Motive producer Dennis Heaton’s supernatural success with The Order


Dennis Heaton explains his journey from Motive to The Order.

Dennis Heaton is the creator of the Netflix horror series The Order, but before that he spent years working on one of Canada’s best TV crime dramas, Motive. And while they’re completely different shows on the surface, creatively he discovered some similarities between the two.

Precinct TV connected with Dennis to talk about how his tenure as showrunner and executive producer on Motive influenced his work on The Order, the connections between the two series, and how The Order has evolved now that its second season recently premiered on Netflix.

Learn more about both shows below, and if you somehow missed Motive, you can get all four seasons now on Amazon Video.

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Precinct TV: How did you come up with The Order originally? What did you hit on that felt like it would be different?

Dennis Heaton: The genesis of the idea came out of a conversation I had with Chris Regina, where we were just talking about horror movies and what we loved and what we didn’t love. We were talking about werewolves and werewolf mythology, and we both had this love of werewolves as a monster, but this desire to see a different kind of base mythology for how werewolves come about.

It was during that conversation I went, “I think I’ve got something. Let me write it up and send it to you.”  [The idea] was kind of like, “Let’s treat werewolves as a magical being instead of this kind of more viral infection kind of thing and take it from there.”

PTV: We know you for Motive, but you’ve done a couple of genre projects over your career. So was the TV crime drama an exception, or have you always tried to balance the two?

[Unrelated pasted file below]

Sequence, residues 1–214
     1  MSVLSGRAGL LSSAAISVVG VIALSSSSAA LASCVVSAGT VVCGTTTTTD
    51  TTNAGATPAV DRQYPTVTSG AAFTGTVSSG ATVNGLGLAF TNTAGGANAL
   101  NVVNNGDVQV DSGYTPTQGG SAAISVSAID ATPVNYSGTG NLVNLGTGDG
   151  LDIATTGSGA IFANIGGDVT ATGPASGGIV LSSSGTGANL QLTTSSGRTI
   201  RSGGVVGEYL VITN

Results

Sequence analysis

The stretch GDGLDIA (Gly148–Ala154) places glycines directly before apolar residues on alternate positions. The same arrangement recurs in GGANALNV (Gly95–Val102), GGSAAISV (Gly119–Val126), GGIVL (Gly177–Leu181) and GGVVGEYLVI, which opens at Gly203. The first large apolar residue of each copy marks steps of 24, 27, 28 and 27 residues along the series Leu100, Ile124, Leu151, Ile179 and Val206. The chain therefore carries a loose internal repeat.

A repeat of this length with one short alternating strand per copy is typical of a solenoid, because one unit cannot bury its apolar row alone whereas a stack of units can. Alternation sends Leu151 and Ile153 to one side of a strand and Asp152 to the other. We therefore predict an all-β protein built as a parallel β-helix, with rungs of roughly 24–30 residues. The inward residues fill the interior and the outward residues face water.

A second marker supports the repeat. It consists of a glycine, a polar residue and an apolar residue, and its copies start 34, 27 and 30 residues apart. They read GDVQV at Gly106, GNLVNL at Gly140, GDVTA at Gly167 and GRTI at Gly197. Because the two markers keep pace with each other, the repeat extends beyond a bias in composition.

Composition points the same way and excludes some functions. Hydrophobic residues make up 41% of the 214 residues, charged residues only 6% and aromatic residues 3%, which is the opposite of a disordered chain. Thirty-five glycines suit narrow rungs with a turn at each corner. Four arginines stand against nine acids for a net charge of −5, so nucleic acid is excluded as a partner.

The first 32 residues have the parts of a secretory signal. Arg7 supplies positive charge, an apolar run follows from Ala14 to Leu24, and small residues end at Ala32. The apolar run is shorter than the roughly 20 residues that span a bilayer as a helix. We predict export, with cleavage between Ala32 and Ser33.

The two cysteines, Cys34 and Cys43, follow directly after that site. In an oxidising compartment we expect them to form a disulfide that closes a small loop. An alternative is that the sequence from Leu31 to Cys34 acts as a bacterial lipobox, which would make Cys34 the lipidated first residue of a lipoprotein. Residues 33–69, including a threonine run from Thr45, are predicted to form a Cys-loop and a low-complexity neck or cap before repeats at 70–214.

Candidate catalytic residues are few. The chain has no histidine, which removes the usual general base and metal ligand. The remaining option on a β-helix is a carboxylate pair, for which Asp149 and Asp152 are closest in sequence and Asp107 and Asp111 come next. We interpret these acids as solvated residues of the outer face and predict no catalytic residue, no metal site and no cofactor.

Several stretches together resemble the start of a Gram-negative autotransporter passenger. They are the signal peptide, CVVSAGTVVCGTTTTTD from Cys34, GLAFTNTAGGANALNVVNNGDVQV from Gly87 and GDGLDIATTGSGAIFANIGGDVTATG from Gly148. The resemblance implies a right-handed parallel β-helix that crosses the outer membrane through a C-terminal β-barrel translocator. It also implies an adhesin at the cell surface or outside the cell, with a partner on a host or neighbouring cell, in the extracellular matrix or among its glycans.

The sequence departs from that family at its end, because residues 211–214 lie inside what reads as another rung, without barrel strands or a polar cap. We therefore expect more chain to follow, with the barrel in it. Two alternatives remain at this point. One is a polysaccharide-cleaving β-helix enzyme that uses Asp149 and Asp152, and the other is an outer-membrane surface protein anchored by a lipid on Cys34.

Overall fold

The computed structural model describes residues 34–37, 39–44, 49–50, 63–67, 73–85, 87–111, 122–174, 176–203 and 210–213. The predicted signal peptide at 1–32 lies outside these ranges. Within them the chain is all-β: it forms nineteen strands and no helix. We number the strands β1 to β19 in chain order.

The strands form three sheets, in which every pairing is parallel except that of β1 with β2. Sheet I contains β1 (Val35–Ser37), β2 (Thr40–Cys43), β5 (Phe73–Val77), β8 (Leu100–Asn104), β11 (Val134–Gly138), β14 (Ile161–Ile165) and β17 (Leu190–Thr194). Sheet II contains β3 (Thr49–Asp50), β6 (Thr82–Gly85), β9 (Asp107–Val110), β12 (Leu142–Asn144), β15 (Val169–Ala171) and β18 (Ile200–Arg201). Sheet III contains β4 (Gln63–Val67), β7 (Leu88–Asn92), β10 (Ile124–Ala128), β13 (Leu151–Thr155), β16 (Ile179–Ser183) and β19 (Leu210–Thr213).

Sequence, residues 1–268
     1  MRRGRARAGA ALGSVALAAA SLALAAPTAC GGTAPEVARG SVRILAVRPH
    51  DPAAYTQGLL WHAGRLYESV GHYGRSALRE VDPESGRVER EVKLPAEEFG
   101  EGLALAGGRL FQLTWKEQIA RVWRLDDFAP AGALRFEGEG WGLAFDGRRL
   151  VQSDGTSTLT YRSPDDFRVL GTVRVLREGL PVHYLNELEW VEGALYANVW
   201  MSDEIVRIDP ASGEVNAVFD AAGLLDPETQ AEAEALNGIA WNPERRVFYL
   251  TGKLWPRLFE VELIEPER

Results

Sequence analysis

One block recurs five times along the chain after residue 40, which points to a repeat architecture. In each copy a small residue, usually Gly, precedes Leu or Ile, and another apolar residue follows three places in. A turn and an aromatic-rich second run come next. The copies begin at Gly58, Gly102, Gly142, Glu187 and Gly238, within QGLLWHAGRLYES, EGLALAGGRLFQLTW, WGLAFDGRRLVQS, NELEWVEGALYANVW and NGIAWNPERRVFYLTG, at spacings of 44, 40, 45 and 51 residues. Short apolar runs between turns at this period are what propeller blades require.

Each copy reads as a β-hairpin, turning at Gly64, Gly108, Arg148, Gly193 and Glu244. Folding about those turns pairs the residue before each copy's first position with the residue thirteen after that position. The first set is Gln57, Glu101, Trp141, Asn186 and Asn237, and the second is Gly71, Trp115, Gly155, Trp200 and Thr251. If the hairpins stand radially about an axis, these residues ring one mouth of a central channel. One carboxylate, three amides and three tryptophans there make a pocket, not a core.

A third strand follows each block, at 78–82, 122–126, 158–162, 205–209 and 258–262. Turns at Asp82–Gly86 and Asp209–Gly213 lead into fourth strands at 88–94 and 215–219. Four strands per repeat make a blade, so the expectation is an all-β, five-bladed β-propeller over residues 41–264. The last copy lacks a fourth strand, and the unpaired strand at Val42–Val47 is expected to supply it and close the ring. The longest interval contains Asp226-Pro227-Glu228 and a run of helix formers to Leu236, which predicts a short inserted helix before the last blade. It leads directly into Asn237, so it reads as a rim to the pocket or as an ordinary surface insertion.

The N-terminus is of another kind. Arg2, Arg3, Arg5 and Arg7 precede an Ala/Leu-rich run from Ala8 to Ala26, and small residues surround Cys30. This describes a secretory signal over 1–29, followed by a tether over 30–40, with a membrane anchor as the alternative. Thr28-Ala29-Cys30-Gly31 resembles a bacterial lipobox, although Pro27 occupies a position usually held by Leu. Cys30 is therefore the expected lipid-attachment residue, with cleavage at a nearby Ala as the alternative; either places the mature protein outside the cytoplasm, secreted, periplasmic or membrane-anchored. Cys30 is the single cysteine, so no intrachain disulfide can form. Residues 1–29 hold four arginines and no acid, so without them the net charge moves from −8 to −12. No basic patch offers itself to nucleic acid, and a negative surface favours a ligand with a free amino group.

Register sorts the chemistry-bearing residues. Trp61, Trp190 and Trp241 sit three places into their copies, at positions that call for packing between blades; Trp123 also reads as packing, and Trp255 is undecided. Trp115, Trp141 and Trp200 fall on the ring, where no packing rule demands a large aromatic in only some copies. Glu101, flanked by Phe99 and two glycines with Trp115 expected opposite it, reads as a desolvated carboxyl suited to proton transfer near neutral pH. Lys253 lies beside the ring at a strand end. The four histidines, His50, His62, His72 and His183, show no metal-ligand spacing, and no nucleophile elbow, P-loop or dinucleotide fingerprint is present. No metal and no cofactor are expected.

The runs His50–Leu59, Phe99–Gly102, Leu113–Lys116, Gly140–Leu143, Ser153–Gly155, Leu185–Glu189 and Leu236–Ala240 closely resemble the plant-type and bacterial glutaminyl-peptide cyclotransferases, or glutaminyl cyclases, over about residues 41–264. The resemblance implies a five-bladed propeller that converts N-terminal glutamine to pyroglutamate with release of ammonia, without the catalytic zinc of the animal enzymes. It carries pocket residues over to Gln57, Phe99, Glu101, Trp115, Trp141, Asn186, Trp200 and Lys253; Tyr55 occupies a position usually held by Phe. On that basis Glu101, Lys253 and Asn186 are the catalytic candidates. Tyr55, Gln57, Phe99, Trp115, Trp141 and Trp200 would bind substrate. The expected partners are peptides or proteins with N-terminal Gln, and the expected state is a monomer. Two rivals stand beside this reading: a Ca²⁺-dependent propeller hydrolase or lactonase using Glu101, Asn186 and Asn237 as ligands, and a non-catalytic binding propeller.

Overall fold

DH: Horror has always been the raison d’etre of why I got into filmmaking in the first place. When I was in high school, I wanted to do special effects makeup. I wanted to be like Rick Baker. It wasn’t until I got into college and university that I started to see that writing, which was always a hobby, was something that could actually be a career someday.

In terms of the preference of genre, I think being a writer that lives in Vancouver, I had to develop a bit of a generalist ability. If you go and look at my IMDb page, there’s documentaries, there’s cartoons, there’s comedy, there’s drama, and definitely police procedural is something that I love to write as well. If I had to list them, number one on the list would be horror. Number two would be crime drama, because to me, it’s a form of horror.

You’re just dealing with the “most dangerous of all monsters is man” kind of thing. You don’t get to do as much monster makeup, but you still get to do a certain level of gore.

But no matter what genre I worked in, I always managed to insert a little horror. There’s an episode of an animated series I wrote, Being Ian, where Ian and his friends get locked in their school on a snow day and Ian, driven mad with hunger, considers cannibalism to survive.

PTV: What set Motive apart from other TV crime dramas was that it broke the format. It was not a straightforward procedural. Did that help you as a storyteller on The Order, just because you were already getting to think outside the box?

DH: Motive had such a complex narrative structure that I’m still taking lessons from that show and applying them to the material that I work on now.  Something as basic as the proper use of flashbacks—you have to ensure that narratively the flashback is pushing the story forward, even though chronologically you’re going back in time.